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RECORD NUMBER: 508 OF 1036

OLS Field Name OLS Field Data
Main Title Method to Select Metropolitan Areas of Epidemiologic Interest for Enhanced Air Quality Monitoring: Air Quality Monitoring by the EPA Speciation Trends Network, 2001-2005.
Author L. Baxter ; S. Teet ; L. M. Neas
CORP Author National Inst. of Environmental Health Sciences, Research Triangle Park, NC. Epidemiology Branch.
Year Published 2012
Report Number EPA/600/R-12/518
Stock Number PB2012-112322
Additional Subjects Epidemiology ; Air quality monitoring ; Metropolitan areas ; Speciation trends ; Epidemiologic analyses ; Gaseous co-pollutants ; Particulates ; Filter-based methods ; Daily air quality ; Health effects ; Pollutants ; Geographical distribution ; Statistical data ; Tables(Data) ; Charts(Graphs) ; Particulate Matter(PM) ; Speciation Trends Network(STN) ; US Environmental Protection Agency(EPA)
Holdings
Library Call Number Additional Info Location Last
Modified
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Status
NTIS  PB2012-112322 Most EPA libraries have a fiche copy filed under the call number shown. Check with individual libraries about paper copy. NTIS 02/21/2013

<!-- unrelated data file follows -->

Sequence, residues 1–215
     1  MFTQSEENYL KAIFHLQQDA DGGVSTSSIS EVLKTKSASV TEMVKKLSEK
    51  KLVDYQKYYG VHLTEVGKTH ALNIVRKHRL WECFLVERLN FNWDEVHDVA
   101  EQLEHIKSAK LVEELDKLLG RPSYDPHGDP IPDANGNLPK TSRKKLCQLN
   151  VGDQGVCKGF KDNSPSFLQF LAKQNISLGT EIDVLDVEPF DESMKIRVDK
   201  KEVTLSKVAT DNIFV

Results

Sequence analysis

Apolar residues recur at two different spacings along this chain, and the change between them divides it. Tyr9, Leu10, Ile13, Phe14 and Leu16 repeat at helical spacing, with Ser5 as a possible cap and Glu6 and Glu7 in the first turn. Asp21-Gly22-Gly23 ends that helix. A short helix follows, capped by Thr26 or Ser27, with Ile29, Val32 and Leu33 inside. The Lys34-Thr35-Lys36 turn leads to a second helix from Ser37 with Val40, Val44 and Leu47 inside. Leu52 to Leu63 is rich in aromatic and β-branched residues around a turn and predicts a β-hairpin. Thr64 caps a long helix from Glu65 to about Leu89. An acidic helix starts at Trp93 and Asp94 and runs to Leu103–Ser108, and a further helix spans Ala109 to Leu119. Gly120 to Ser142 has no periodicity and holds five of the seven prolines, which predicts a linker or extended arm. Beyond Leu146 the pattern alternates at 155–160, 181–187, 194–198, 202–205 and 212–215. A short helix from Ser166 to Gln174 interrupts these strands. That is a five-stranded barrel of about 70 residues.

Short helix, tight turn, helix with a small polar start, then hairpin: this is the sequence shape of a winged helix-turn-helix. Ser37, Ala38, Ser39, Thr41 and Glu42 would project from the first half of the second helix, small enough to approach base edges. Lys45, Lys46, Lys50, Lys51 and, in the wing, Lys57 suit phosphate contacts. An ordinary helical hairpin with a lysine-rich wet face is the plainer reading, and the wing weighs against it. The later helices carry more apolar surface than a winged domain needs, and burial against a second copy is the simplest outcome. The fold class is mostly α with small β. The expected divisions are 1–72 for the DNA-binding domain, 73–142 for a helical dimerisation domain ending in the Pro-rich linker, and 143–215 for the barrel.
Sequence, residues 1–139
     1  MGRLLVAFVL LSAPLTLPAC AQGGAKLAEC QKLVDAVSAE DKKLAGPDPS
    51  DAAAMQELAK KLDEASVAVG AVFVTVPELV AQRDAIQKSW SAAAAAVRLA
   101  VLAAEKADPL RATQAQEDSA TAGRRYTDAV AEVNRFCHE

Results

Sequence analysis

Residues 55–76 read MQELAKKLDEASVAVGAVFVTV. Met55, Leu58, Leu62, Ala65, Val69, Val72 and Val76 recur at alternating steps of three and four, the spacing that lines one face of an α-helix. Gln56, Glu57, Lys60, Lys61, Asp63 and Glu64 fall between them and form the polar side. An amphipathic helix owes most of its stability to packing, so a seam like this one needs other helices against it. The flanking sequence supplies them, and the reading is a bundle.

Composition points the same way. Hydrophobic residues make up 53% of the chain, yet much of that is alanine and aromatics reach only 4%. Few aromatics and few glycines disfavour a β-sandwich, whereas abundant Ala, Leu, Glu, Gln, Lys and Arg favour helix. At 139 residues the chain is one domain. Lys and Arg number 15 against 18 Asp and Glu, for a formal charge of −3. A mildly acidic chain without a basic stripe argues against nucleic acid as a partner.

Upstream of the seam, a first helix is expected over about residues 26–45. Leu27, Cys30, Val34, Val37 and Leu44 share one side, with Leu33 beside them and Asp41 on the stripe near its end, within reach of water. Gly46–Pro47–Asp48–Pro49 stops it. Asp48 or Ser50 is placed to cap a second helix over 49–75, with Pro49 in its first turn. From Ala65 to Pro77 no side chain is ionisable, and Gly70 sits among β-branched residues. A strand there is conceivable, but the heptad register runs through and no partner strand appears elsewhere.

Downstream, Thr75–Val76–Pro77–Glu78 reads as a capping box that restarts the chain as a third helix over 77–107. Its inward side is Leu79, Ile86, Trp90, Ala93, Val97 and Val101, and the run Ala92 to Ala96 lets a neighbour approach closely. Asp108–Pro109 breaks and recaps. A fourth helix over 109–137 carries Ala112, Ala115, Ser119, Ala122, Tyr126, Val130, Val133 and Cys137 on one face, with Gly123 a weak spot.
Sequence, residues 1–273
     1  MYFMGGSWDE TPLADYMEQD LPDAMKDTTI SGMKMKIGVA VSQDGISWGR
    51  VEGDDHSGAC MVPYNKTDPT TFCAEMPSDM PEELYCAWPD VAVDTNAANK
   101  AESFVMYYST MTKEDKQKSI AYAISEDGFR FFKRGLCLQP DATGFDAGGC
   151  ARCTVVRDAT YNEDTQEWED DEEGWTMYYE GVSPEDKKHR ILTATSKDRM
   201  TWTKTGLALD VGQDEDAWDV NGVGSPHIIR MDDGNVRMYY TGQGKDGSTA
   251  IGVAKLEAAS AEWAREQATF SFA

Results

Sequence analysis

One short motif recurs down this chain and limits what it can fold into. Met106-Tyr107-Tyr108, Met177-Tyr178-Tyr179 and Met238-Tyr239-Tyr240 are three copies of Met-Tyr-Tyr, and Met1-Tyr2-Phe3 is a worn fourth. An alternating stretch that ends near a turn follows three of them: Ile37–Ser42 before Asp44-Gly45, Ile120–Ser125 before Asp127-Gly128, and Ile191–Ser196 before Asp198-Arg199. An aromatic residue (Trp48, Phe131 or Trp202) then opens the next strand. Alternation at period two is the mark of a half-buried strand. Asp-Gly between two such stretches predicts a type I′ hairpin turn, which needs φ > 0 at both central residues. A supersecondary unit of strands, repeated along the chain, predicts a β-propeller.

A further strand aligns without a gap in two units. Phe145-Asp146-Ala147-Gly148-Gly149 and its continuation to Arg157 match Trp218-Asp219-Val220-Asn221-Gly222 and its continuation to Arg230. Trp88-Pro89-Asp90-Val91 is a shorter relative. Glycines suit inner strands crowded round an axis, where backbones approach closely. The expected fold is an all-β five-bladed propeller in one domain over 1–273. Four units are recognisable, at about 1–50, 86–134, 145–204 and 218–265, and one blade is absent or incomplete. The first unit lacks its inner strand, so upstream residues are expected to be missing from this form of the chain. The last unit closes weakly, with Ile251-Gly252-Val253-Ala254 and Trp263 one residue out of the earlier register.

Collation 116p
Abstract
The U.S. Environmental Protection Agencys current Speciation Trends Network (STN) covers most major U.S. metropolitan areas and a wide range of particulate matter (PM) constituents and gaseous co-pollutants. However, using filter-based methods, most PM constituents are not measured daily and the lack of daily air quality data complicates epidemiologic analyses of the potential adverse health effects of these PM constituents. Possible criteria for the identification of metropolitan areas with the greatest epidemiologic value for enhanced monitoring are population, mean levels and variation of criteria air pollutants and PM constituents, correlations among these pollutants, and the relationship of these correlations to the coefficient of variation. Using a review of air quality measurements from 49 STN monitors for 2001-2005 as an illustration of this criteria, we selected metropolitan areas that had the appropriate population size, sufficient PM(sub 2.5) concentration levels, variability for most pollutants, and appropriate correlations between pollutants.